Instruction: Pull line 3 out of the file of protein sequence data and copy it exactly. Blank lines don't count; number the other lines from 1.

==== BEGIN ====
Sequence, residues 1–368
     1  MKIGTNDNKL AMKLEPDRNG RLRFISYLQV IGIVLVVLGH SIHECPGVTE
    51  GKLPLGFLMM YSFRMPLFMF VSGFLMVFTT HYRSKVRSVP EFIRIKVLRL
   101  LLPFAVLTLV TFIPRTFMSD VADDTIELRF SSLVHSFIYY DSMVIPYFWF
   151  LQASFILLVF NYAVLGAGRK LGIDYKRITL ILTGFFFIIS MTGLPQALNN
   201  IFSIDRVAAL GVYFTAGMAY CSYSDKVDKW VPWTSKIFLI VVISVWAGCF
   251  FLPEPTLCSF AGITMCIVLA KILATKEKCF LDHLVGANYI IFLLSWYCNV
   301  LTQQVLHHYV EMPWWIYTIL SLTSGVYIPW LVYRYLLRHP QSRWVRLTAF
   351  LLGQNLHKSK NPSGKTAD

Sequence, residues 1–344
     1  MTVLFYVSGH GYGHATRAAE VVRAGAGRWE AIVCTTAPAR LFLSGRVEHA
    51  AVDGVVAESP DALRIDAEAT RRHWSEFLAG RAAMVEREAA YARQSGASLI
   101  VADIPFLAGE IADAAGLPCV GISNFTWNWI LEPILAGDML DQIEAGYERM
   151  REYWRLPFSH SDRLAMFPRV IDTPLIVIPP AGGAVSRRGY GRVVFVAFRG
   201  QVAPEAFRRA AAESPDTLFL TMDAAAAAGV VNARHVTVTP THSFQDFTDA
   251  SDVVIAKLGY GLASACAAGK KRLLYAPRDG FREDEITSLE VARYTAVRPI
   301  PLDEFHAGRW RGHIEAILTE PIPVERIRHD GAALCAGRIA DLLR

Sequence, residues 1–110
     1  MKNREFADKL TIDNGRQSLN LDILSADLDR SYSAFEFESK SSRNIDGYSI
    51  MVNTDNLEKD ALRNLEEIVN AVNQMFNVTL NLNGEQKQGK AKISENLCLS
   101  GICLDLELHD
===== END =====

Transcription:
    51  GKLPLGFLMM YSFRMPLFMF VSGFLMVFTT HYRSKVRSVP EFIRIKVLRL